Comments : Knowlton Church

  • 1 year ago

    by Ben Pickard

    Hello M

    This is excellent, particularly as I have heard a little of this place (wink)
    I, too, have often been overwhelmed when touching something so ancient; real perspective takes over for those brief seconds - the kind of perspective you wish you could carry with you permanently through life, when you are aware how insignificant you are and how all those problems are only very little problems in the greater scheme of things....but it always seems to evaporate the moment we leave, doesn't it?
    Looking up at the stars on a cloudless night does the trick too, I hear....

    • 1 year ago

      by AngelaLuisaCory

      Thank you Ben! I am so glad you liked this piece. It is how I feel when going to a place like this. You do feel so small in comparison to nature and it does put things into perspective. You are right. It is so hard to remember that feeling once life takes over again, but how amazing to be able to feel it! So many people don't. I use to sit in the trees in a garden in Hertfordshire and spend ages looking at the stars - you are right again - it's almost akin to a type of meditation, which heals the heart. Thank you for your comment.

  • 1 year ago

    by Milly Hayward

    Really enjoyed this poem particularly the sun holding up your careworn face and drawing you to this place of rest and nature.

    Beautiful portrayal of being at one with nature feeling the quietness and small sounds that you don't get to hear in the loud world that we spend most of our time in.

    Also liked the imagery of the trees with ribboned tributes dressed

    I found it to be a beautiful restful poem tinged with sadness. Milly x

    • 1 year ago

      by AngelaLuisaCory

      Thank you Millie. As always, I really appreciate your comments. The ribboned tributes are actually physically left by people in the little copse. Usually for someone lost, or someone going through a terrible time. Quite poignant as there are candles, teddy bears, pictures, too - all sorts. I've taken photos - really lovely there.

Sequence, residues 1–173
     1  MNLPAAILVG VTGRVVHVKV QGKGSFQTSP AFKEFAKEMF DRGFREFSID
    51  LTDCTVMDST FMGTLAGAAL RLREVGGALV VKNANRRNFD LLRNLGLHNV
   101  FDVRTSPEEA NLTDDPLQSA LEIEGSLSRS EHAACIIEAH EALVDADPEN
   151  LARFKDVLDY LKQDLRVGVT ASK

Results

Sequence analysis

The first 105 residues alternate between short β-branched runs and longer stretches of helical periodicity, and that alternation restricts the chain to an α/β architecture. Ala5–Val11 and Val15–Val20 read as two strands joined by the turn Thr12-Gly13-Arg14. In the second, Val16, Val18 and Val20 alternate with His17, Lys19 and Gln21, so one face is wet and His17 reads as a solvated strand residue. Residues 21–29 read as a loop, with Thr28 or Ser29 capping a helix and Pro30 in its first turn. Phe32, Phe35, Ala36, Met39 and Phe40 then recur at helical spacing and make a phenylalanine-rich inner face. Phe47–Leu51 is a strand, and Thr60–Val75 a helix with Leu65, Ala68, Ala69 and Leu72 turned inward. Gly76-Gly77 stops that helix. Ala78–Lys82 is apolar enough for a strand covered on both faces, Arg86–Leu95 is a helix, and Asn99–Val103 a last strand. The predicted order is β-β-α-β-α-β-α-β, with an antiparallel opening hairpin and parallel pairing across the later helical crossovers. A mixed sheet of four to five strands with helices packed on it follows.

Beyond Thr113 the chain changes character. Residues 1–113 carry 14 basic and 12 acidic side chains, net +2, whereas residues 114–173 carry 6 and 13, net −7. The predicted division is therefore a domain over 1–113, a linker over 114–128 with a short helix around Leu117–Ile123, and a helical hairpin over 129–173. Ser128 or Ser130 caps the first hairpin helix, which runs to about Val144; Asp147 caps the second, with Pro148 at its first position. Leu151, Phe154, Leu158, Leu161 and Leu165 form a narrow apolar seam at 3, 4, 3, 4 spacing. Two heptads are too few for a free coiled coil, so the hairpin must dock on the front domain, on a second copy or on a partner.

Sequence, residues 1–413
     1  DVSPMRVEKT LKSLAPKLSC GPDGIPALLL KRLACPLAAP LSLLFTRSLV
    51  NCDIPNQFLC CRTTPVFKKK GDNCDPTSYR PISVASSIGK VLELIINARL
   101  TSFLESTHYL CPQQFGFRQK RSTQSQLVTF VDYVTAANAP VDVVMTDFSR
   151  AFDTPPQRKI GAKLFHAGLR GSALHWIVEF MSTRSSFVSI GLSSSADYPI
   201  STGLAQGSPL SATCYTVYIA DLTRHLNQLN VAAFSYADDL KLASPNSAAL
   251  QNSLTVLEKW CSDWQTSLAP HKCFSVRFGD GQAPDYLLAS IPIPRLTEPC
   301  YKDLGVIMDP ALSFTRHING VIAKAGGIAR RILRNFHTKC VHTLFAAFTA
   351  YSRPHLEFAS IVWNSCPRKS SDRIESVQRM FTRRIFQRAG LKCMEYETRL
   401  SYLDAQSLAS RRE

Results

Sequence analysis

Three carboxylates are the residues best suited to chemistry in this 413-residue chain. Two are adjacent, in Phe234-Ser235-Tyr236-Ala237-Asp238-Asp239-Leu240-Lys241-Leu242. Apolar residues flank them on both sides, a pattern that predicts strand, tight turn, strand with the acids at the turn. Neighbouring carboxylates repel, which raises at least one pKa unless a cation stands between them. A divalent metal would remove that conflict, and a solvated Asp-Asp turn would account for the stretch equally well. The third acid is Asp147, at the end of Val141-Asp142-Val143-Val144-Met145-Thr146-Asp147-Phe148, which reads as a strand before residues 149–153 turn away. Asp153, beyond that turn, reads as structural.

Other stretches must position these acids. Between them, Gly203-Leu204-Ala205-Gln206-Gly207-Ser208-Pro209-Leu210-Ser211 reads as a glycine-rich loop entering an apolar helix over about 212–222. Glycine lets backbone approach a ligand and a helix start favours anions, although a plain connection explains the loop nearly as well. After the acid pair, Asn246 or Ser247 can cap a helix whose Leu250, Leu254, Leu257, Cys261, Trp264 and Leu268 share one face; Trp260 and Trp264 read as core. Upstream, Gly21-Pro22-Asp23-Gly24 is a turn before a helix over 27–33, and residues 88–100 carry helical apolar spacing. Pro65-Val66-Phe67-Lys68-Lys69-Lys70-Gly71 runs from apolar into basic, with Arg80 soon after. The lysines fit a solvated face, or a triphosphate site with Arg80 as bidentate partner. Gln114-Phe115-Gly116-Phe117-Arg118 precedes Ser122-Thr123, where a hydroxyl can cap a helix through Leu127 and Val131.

• 1 year ago

    by Em

    Added to faves so. Can comment in full when I've finished work..

  • 1 year ago

    by Dagmar Wilson

    Written with such great beauty and as I am reading I feel great peace. I love to take walks (graveside) and just sit and listen to nature. It gives me peace. Excellent written and it's like music to my ears on not so good day. Take care

    • 1 year ago

      by AngelaLuisaCory

      Hi Dagmar. Thank you so much. Am so pleased I brought a little bit of beauty and peace into your world, especially if you've not had such a god day. I find going to places like Knowlton (Dorset) gives me such peace and pleasure. So sorry if you are having a not so great time .... things do get better, just listen to your heart and get out there into nature.

  • 1 year ago

    by Em

    Hello I am back and I really like this piece. I do yoga and walk for miles in the woods to ease my mind and the birds singing,the trees swaying and the wind blowing all make it serene. Nature is a beautiful thing but many people do not respect it like they should with littering etc which really infuriates me.

    Upon your mossy banks I lay
    As dawn gave birth to piercing day
    To shrug the shroud of such sad plight
    And closed my eyes to fading night.
    ^^
    A beautiful opening. The image here is lovely because I see a troubled person going to a place where they feel safe which makes me ask where is this place and can I come? :)

    Oh melancholily patchwork quilt
    Which hugged my shoulders with such guilt
    Sp beautiful your teardrop dew
    As softened breeze embalmed as new.
    ^^
    More beautiful imagery. The quilt hugging you to keep away the bitter good as it's early. I'm not sure if I'm right but should 'melancholily' be 'melancholy' and there's a typo on 'sp' it should be 'so.'

    The sun held up my careworn face
    And brought me here unto this place
    For peace lies here amongst your mounds
    And safety in your arms abounds.
    ^^